By New Times
By Robrt L. Pela and Amy Silverman
By Katrina Montgomery
By Kathleen Vanesian
By Monica Alonzo
By Benjamin Leatherman
By Robrt L. Pela
By Katrina Montgomery
"We want to base ourselves in Phoenix and do things from here and travel," Wiggins said. "Phoenix will be great one day, and we'd like to be the guys -- you know -- the guys that make people say, What the fuck, these guys are from Phoenix?'"
But then they began talking to Brady Roberts, who was impressed by their monOrchid show and suggested the Capsule consider an installation for the Marshall Gallery. The trio developed a model, refined it over the past two and a half months, and the result is a delightful cacophony of color and images that borders on sensory overload. Even the museum security guards say they like the show.
Roberts says he drew inspiration from curator Dave Hickey's work on the monumental SITE Santa Fe Biennial in 2001. Hickey focused the show on the concept of "beau monde" -- a French term for beautiful world -- and showcasing each artist's interpretation of visual pleasure and beauty.
"Then September 11 happened and people decided beautiful art maybe wasn't relevant anymore," Roberts says. But since then, through a variety of studio visits to California and Nevada, Roberts has uncovered some interesting responses to pop art. The show connects the burgeoning art scene in Phoenix to that of San Francisco, L.A.'s Chinatown, and the epicenter of American pop culture, Las Vegas.
All the artists chosen evoke the beau monde concept with a pop art bent, Roberts says.
"Fresh Paint" begins softly, Roberts explains, and each artist adds to the intensity, so touring the gallery is "like turning up the volume." First is Chris Ballantyne, and his quiet, generic suburban landscapes that are eerily devoid of life. Next is Mario Correa, who paints boxing rings from skewed angles as a metaphor for the artist's struggle to put paint on canvas.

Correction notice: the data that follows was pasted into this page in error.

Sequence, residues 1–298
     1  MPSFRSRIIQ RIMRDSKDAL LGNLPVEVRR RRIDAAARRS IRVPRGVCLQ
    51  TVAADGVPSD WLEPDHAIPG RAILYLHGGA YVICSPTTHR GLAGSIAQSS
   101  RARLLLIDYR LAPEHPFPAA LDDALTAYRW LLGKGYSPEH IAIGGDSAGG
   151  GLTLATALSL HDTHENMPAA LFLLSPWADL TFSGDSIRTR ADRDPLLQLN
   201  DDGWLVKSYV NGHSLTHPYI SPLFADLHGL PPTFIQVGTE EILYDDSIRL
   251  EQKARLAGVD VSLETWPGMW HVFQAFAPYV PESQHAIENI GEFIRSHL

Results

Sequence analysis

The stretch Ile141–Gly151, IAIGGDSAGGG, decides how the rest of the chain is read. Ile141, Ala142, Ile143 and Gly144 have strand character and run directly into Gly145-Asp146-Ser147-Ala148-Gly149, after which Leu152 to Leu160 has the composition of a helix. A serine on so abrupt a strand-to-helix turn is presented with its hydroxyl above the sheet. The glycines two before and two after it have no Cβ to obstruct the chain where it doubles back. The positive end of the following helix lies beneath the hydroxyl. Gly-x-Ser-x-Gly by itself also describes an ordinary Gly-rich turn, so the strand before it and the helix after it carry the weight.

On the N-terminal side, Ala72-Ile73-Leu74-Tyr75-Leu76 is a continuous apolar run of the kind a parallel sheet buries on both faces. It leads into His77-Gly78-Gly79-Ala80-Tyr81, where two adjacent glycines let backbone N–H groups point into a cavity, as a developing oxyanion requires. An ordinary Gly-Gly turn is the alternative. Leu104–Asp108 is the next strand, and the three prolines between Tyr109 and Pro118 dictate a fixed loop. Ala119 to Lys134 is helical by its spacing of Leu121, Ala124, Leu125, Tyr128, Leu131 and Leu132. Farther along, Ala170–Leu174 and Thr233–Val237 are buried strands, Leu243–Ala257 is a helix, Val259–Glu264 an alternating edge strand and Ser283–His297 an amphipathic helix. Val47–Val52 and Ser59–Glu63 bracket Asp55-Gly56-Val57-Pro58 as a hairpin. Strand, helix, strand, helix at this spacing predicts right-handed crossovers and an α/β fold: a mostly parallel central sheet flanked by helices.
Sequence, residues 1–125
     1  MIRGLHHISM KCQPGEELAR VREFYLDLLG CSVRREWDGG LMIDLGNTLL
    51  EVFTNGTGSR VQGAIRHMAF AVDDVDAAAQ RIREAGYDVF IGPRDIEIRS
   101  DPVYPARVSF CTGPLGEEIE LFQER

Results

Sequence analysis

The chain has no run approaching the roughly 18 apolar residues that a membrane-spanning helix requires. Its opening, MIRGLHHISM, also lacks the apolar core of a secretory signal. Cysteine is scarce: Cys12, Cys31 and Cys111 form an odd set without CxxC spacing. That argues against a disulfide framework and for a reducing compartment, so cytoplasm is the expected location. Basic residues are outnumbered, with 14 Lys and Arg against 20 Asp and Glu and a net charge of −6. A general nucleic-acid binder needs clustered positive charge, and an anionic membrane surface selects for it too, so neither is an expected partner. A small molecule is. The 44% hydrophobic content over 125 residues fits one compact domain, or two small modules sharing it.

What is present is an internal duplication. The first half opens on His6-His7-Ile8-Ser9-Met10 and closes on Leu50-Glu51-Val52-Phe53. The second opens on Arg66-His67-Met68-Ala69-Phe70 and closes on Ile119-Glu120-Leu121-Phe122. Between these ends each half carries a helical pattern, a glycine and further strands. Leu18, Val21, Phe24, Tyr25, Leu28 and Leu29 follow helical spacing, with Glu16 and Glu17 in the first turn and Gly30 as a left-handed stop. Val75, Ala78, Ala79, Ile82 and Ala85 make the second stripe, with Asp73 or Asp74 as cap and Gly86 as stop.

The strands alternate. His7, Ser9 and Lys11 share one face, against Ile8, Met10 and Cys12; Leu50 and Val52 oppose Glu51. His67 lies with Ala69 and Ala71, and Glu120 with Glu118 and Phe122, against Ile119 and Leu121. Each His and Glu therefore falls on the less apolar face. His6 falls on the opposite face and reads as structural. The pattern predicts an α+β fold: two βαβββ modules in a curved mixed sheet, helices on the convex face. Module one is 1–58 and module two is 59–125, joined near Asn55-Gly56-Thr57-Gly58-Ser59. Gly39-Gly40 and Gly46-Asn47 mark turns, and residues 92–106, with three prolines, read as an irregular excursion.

Following Correa are visually stunning, whimsical airbrush paintings by Sush Machida Gaikotsu. (Roberts says the screams of roller-coaster riders atop Vegas' Stratosphere are clearly audible from Gaikotsu's studio as he paints.)
"And from that environment you go over the top," Roberts says, into the Capsule.
Getting there has been arduous and ultimately rewarding, the artists say, as they take a break in the final hours of preparation to reflect. In a week, the three men have transformed the trailer-size space from stark to spastic. They've created a world where the ground looks like the sky, clouds look like trees, and Stephen King and Joe Namath stare down the viewer. Paintings, murals, Plexiglas and giant feet surround you. You feel like you are participating in a painting from the moment you enter the room.
The carpet has a few wrinkles, and Wiggins never did find the time to figure out a way to make certain paintings rotate with the push of a button as he'd hoped. Yet all agree they've learned a great deal and are happy with the finished product.
Wiggins says that besides hanging the clouds, which took 18 hours, "The hardest part has been staying with it for the past two and a half months from beginning to end, concept to completion."
"I've never run a marathon before," Wiggins adds wearily, "but it kinda feels like we have. We work until 9 or 10 at night and then come home and do stuff until 1:30 or 2 in the morning. . . . You don't eat so well, you don't sleep enough, you drive a little too fast," he says, "but it's so fun, this is so much fun."
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